Editor's Note: This narrative originally appeared in the winter, 2012 edition of Health Elevations, the Colorado Health Foundation's award-winning quarterly journal.
Nathan Wilkes is co-founder of Headstorms Inc., a consulting firm, and serves on the board of the Colorado Health Benefit Exchange. He, his wife and their three children live in Arapahoe County.
"Do you have good insurance?"
Our newborn son had just been diagnosed with severe hemophilia, a chronic bleeding disorder, and this was the surprising first question from the hematologist we had been referred to.
Luckily, we had an excellent plan because I worked in a highly competitive technology industry where great benefits packages were common. Part of the reason we could get a good plan was that the workforce was relatively young and healthy. Unfortunately, one year and many expensive claims later, the insurance company decided to adjust our premiums accordingly.
When a 120-employee company suddenly has new additional annual claims pushing $1 million per year, the insurance underwriting process makes quality coverage very difficult to maintain. My company ended up having to switch from offering a PPO plan to a high-deductible health plan with a $10,000 annual deductible and a $1 million lifetime cap.
For our family, the cap represented an hourglass with a limited amount of sand. We could see the end coming, and the prospects were not good. Trying to find a comparable job would just postpone the inevitable. Social workers recommended a paper divorce so that our children could qualify for Medicaid, but that did not align with our family values. Ultimately, when our son hit the lifetime cap the following year, our only alternative was to put him into CoverColorado, the high-risk-pool insurance of last resort. Unfortunately, that also carried a $1 million lifetime cap.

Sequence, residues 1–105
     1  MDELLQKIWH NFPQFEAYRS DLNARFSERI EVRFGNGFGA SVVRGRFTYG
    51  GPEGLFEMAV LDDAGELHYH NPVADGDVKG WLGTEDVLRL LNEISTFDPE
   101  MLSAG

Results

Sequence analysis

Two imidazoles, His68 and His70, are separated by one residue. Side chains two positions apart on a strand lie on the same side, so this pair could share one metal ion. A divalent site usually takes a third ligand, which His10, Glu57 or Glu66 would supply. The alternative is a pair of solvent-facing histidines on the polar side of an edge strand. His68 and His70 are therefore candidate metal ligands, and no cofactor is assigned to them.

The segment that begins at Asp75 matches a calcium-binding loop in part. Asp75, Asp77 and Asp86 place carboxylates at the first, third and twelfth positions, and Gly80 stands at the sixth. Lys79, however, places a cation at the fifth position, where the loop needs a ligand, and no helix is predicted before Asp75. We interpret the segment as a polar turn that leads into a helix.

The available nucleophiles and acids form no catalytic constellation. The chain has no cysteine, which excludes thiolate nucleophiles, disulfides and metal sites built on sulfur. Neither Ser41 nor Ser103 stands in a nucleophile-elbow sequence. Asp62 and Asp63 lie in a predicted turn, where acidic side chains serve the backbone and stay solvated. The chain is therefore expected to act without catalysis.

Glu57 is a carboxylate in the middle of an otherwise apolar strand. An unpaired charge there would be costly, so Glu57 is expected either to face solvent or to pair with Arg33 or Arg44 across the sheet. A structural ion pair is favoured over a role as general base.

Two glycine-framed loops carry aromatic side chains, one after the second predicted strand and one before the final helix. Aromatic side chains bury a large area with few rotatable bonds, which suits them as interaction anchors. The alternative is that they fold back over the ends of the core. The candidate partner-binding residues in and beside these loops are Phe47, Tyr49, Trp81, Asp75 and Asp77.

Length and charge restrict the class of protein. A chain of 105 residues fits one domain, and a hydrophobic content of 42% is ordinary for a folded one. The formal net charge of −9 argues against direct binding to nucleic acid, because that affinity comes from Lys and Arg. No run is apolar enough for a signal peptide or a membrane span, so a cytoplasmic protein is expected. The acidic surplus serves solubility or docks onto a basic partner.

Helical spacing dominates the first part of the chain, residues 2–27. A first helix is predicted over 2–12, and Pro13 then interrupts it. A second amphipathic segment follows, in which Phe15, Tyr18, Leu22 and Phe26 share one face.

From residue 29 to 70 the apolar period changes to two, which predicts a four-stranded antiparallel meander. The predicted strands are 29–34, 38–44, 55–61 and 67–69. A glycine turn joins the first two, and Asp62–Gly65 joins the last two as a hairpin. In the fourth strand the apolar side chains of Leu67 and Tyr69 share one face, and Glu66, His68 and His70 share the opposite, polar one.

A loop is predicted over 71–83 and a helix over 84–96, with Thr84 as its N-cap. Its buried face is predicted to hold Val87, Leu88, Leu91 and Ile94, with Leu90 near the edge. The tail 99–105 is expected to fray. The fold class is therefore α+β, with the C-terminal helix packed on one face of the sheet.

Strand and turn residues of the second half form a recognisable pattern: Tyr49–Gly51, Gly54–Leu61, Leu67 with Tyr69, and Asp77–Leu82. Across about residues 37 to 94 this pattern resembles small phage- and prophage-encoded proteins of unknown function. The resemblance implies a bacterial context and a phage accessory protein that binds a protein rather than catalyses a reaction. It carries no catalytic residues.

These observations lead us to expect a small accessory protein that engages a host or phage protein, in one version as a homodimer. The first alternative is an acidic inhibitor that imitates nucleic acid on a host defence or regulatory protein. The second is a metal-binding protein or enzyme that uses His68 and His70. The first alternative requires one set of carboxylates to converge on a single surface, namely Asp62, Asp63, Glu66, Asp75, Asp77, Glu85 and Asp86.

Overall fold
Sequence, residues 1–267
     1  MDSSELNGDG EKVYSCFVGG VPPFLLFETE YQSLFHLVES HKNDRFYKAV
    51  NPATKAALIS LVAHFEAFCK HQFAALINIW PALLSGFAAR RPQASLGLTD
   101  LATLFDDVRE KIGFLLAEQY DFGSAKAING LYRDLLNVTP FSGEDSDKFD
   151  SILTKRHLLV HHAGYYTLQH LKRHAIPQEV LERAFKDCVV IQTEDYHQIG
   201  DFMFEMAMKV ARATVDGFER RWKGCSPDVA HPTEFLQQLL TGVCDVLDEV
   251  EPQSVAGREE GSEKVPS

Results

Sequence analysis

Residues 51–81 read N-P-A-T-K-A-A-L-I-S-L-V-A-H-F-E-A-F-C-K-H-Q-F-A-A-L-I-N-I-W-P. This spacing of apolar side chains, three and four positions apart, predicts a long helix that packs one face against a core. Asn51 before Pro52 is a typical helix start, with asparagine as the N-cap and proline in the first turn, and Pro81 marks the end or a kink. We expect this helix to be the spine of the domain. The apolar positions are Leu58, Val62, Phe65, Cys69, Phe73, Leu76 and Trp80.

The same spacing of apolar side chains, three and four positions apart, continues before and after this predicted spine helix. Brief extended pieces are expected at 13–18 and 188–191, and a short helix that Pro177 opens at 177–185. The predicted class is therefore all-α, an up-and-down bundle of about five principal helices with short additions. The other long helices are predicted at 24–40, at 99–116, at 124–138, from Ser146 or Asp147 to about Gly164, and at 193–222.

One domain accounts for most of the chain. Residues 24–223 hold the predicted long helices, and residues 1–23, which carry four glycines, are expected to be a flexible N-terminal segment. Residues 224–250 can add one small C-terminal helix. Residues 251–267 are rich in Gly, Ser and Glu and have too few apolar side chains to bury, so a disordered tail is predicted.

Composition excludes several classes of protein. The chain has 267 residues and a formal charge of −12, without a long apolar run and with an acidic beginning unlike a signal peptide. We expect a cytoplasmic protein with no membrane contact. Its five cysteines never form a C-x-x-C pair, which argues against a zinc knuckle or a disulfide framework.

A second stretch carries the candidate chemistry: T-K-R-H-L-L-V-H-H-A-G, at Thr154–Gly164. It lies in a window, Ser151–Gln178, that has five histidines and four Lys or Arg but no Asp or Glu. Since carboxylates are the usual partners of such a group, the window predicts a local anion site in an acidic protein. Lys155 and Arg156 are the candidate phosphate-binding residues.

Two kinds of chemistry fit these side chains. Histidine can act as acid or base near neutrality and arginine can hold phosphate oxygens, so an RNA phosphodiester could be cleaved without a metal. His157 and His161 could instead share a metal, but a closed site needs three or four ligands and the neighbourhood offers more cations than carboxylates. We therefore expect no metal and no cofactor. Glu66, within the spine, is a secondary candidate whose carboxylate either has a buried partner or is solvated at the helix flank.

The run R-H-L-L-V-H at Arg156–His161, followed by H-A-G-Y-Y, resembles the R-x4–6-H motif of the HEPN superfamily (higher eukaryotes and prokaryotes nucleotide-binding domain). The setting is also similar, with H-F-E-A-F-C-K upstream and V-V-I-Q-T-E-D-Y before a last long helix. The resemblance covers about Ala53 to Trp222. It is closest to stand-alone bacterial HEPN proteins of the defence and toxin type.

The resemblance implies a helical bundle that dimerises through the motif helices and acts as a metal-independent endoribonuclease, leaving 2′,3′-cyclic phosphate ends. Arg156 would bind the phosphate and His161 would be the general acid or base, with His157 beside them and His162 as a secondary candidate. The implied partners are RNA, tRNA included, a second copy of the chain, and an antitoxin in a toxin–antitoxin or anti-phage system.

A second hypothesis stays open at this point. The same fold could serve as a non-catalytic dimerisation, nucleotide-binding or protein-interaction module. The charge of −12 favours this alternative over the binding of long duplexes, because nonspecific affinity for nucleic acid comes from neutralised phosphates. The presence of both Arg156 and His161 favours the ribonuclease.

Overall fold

By the time my son had exhausted his CoverColorado benefits, two things had changed for us. For one, Colorado had switched to modified community rating in the small group market in 2008, meaning businesses with 50 or fewer employees would no longer be subject to exorbitant premium swings due to sudden illnesses. Also, I was able to start my own consulting company that fit into this small group market. This allowed my new business to obtain group coverage at a more reasonable rate and have the flexibility to manage caps. As a result, Thomas, who is now 8, has had better care and is healthy and thriving.
Now, the Affordable Care Act both eliminates caps and provides community rating to the entire small group market, reducing access and affordability problems for many with high-cost illnesses. However, it can still be a challenge if the size of the employer exceeds the small group market limit, which by 2016 will only be 100. In Colorado, it is currently just 50 employees.
A sudden diagnosis of a life-threatening chronic or costly illness is not something anyone would normally anticipate. Preparing for the unexpected is one of the basic premises of insurance. Most people assume that the illness is our daily struggle, but they would be wrong. Our hematologist knew from experience that the constant illness-related issues are something you learn to live with. The real challenge for people like us is in maintaining adequate coverage to properly treat the illness and have a good, healthy outcome.